As expected, the Monetary Policy Committee (MPC) of Turkey disregarded rising inflation and once again cut its key policy one-week repo rate today, by 50bp to 10.75%. The policy rate thus remains well below the prevailing annual headline consumer price inflation rate, which rose to 12.2% y/y in January, up from a recent low of 8.6% in October 2019. The MPC justified today’s rate cut with the expectation of disinflation in the remainder of the year. However, we do not expect such a rapid disinflation and believe that the cut has raised the risk of a sharp exchange rate correction later in 2020.
Recent intervention by the Central Bank of Turkey (CBT) to bolster the TRY add to the risk of a disorderly correction later this year. Year-to-date, the TRY has only lost -2% in value against the generally strengthening USD, in contrast to other major Emerging Market (EM) currencies. Prior to that, the Turkish currency had been the worst performer in Q4 2019 (-5%) amid the same group of peers (see Figure 1). Our analysis suggests that the CBT has strongly intervened in foreign exchange (FX) markets in 2020 to date in order to stabilize the TRY. Notably, gross FX reserves held by the CBT dropped by -USD4bn in January after they had steadily increased in the previous six months.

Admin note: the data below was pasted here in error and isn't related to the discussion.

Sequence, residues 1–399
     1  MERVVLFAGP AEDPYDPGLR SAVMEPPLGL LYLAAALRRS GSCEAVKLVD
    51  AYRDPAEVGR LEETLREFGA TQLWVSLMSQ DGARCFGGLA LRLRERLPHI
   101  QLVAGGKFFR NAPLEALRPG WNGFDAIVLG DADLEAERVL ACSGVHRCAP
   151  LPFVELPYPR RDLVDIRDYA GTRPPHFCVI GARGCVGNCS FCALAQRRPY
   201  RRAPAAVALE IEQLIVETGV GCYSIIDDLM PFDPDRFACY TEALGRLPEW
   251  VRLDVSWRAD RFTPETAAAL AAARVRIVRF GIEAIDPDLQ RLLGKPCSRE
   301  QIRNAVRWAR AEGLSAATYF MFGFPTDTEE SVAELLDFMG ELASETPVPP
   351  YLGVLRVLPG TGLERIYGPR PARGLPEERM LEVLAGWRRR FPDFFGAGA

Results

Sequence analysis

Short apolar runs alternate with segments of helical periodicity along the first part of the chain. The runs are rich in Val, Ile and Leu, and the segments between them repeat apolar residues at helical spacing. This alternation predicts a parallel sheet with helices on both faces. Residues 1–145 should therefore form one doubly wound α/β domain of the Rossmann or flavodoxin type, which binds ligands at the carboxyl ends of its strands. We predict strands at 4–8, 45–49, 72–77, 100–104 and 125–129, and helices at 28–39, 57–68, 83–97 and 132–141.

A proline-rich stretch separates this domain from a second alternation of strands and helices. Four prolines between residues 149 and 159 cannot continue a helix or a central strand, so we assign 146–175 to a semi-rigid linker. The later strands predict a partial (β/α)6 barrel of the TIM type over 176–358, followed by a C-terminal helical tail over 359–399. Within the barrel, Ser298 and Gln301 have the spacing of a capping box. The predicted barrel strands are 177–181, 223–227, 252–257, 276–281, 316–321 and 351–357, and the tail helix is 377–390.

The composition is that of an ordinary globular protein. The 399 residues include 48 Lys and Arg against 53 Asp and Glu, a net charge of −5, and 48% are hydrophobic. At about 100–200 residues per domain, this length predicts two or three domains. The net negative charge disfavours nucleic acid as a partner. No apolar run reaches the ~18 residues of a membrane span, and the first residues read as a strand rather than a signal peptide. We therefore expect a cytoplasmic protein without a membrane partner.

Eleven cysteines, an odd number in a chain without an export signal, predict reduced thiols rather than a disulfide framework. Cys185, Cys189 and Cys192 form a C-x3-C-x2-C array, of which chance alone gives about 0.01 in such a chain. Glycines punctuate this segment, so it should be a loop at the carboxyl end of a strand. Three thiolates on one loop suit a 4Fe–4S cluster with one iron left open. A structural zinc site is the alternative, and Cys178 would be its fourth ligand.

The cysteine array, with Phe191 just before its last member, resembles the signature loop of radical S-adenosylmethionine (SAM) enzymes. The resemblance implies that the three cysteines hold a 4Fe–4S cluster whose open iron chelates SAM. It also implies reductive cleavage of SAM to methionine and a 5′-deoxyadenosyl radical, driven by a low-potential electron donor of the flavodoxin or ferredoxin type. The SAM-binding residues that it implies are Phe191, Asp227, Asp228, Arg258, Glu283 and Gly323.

We expect that the recent monetary policy moves will be unavailing in the 12-month outlook and forecast a significant currency depreciation in 2020. First, keeping the TRY relatively stable will cause a loss in competitiveness (as inflation is higher than in major trading partners, as well as peer EMs) and a renewed buildup of macroeconomic inbalances. Already in December 2019, Turkey posted its largest current account shortfall since before the 2018 currency crisis. Second, FX reserves are insufficient to defend the TRY for longer. Gross FX reserves stood at USD75bn at end-January 2020, covering just about 40% of maturing external debt in the next 12 months, well below an adequate level of 100%. That ratio turns even worse when considering net FX reserves (gross FX reserves minus FX of commercial banks held at the CBT), which currently stand at only USD37bn.
Overall, we expect a depreciation of the TRY by an average -10% (to an average 6.25) vs. the USD in 2020 and the CBT to revert to monetary tightening in the second half of the year (see Figure 2).
What does this mean for companies? Many Turkish companies are heavily indebted in FX and these will continue to face a high risk of insolvency.